Show simple item record

dc.contributor.advisor Burnett, Rosemary Moloi, Molelekeng Hildegard 2013-04-11T07:51:45Z 2013-04-11T07:51:45Z 2011 2011
dc.description Thesis (MPH) -- University of Limpopo, 2011. en_US
dc.description.abstract Background and aim: The development of vaccines is considered one of the greatest achievements of biomedical science and public health, because it has led to the reduction of the global burden of infectious diseases. However, vaccination has become a victim of its own success, since most parents have not been exposed to epidemics of vaccine-preventable diseases, and now some fear the vaccines more than the diseases that they prevent. Globally, there is a growing number of parents who use the internet to seek advice on vaccination, and unfortunately some of this advice is anti¬vaccination (A V). Some studies have analyzed vaccine criticism on the internet, but none have focused on South Aftica (SA). The purpose of this study was to identify the characteristics of the anti¬vaccination lobby on SA internet sites including blogs using search terms that were specifically aimed at increasing the retrieval of A V sites. Methods: A structured internet search was conducted on SA web pages using Google, Yahoo, and MSN search engines, for keywords "don't vaccinate", "vaccination is harmful", "should not vaccinate", " not vaccinating", "vaccination causes harm", "against vaccines", etc. The words "immunization" and "immunisation" were also substituted for the word "vaccination" in these searches. These A V sites were then extracted for analysis of content and authors. Results: The overall coverage of SA A V websites was 30.2% (19/63), with Google identifying the most A V sites (59.3% [16/27]), compared to 33.3% (9/27) for Yahoo and 7.4% (2/27) for MSN. Of these A V sites 42.1 % (8/19) were identified to be blogging sites. The A V advocates included 36% (5/14) mothers / parents, 26% (4/14) business people, and 21% (3/14) journalists. The main concerns identified included vaccine safety and efficacy, ethical concerns, and claimed financial profit motives. There were 32% (6/19) of the authors who referenced or posted articles written by other A V lobbyists from the USA. Conclusion: The A V advocates on SA internet are individuals who are independently lobbying against child vaccination and not a cohesive A VL group. The concerns they raised are similar to those raised by A VL from the USA. The SA population is therefore exposed to influences on the internet both ftom local and international views. The internet blogs and forums are an important platform for sharing A V views in an informal manner. en_US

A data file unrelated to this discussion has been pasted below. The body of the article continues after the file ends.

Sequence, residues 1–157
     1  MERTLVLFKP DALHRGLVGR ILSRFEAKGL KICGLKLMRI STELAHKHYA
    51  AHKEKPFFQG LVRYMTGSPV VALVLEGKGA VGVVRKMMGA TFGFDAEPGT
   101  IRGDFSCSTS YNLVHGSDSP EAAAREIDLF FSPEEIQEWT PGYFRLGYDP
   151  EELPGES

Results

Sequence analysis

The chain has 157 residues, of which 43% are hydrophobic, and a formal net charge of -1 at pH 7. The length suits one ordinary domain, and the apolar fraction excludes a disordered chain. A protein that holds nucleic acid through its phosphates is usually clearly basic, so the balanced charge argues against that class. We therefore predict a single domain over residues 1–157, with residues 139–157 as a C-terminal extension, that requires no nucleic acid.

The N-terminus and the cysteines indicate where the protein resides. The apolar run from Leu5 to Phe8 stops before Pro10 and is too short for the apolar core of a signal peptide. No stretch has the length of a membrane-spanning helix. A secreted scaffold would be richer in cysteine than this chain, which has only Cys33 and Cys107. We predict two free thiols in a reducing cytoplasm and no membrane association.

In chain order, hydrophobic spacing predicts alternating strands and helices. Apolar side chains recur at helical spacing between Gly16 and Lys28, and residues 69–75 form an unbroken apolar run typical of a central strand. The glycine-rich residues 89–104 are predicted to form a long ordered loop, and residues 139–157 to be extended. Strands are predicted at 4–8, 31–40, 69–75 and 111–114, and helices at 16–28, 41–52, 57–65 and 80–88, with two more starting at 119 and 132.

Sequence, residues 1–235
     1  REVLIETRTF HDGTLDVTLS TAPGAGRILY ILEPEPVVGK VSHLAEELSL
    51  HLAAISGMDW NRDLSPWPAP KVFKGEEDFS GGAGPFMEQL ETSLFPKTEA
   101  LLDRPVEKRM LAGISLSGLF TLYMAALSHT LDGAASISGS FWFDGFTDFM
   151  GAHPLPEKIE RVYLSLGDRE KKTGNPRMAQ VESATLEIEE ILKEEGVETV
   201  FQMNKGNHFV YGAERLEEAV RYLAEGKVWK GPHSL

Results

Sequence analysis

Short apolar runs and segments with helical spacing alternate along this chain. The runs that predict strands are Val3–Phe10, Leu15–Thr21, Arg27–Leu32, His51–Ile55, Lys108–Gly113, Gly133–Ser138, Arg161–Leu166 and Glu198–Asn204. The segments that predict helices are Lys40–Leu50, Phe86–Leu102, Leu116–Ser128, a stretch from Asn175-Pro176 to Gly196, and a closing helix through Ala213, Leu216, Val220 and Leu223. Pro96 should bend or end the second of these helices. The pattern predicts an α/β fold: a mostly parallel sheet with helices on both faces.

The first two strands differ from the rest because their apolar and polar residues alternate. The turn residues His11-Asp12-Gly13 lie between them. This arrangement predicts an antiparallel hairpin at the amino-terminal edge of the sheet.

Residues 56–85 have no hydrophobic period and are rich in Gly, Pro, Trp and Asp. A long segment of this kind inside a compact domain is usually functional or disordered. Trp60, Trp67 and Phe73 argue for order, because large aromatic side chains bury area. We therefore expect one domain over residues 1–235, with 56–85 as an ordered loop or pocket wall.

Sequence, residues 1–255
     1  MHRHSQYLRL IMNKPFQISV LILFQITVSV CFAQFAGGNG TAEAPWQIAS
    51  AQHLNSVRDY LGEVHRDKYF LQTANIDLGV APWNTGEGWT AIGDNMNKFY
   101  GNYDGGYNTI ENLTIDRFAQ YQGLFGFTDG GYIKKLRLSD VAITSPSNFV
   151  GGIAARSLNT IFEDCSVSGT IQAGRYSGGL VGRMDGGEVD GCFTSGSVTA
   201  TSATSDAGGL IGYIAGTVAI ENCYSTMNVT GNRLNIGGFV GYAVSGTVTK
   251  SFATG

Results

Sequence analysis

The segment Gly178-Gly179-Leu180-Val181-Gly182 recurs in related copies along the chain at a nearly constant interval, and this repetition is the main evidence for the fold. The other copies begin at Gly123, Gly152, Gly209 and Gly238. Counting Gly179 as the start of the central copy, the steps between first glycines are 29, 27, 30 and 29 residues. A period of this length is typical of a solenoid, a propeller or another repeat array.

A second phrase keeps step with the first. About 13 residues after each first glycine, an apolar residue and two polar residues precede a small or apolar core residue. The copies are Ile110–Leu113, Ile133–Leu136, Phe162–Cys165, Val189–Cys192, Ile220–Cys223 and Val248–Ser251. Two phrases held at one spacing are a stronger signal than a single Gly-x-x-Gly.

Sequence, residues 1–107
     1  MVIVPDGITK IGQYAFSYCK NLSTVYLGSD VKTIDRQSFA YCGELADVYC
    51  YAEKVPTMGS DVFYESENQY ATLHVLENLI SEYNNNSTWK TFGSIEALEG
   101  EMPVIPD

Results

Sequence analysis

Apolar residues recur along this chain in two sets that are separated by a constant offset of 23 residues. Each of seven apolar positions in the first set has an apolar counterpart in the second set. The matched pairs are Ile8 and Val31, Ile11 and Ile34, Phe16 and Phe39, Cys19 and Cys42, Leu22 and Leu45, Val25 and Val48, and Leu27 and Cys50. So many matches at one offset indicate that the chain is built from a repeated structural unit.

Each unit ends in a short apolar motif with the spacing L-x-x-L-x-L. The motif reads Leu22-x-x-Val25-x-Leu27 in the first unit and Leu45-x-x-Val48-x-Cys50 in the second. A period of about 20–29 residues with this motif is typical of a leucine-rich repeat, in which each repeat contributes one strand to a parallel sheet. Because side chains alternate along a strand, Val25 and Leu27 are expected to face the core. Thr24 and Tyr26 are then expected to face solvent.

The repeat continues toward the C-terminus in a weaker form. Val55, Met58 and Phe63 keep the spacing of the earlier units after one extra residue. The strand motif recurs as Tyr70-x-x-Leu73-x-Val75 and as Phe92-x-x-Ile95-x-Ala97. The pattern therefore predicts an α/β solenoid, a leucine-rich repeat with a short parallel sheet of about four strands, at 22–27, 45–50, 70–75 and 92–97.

dc.language.iso en en_US
dc.publisher University of Limpopo (Medunsa Campus) en_US
dc.relation.requires Adobe Acrobat Reader, version 6.0 en_US
dc.subject Vaccination en_US
dc.title Internet-based anti-vaccination lobbying in South Africa en_US
dc.type Thesis en_US

Files in this item

This item appears in the following Collection(s)

Show simple item record

Search ULSpace


My Account